Calgary's affordable housing could pose health and safety risks, says report
Many city and province-owned properties have not been inspected in years
A new city report going before committee on Thursday says thousands of affordable housing properties in Calgary have not been inspected for years.
"The majority of these buildings are over 35 years old and could pose a health and safety risk to the tenants if lifecycle maintenance is not appropriately conducted," according to an audit of the assets managed by the Calgary Housing Company.
The city-owned Calgary Housing Company (CHC) manages 7,012 affordable housing units in Calgary.
Of those, it owns 1,771 — the rest belong directly to the City of Calgary and the province. However, CHC does not receive funding to inspect the condition of those units.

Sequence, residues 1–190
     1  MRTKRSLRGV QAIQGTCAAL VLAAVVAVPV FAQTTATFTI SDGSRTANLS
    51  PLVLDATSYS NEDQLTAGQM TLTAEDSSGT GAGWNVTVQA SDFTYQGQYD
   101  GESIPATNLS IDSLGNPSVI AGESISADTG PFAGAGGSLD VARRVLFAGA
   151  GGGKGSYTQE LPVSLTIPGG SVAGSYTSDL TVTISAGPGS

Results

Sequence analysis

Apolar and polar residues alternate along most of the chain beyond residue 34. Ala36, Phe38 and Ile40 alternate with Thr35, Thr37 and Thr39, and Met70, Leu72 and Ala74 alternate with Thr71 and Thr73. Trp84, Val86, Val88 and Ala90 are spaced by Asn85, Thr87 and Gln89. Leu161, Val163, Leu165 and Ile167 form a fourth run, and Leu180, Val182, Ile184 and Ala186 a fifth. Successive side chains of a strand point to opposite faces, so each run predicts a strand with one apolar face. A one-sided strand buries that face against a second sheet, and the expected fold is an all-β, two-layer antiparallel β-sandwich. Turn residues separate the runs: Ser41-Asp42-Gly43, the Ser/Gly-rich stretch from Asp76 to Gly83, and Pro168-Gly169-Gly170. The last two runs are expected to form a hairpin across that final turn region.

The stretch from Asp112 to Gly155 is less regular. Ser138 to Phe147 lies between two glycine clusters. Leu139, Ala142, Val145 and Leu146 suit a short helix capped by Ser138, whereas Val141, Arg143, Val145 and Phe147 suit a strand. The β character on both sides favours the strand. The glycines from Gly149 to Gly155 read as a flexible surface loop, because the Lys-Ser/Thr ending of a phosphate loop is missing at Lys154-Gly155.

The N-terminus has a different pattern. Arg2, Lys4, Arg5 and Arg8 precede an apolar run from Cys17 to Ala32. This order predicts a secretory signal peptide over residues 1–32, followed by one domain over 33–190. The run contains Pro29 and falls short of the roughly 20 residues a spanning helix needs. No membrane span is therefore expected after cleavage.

"It's those ones that haven't had the full building condition assessment and it's those ones that we're looking to the province and the city to actually pay for. It's their property," said Ward 11 Coun. Brian Pincott.
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Given their age, auditors identified provincially and city-owned properties as having "potential safety, reputational and financial risks."
Pincott, who is also the chair of CHC, says if action isn't taken soon Calgary's affordable housing units will become a liability.
"In the next 10 years in Calgary, just to maintain — not to increase, not to deal with the waiting list of 3,500 people — we're talking about $40-million," he said.
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To mitigate future risks, the report recommends the CHC seek clarification about its responsibilities for the affordable housing assets it manages on behalf of the city and the province.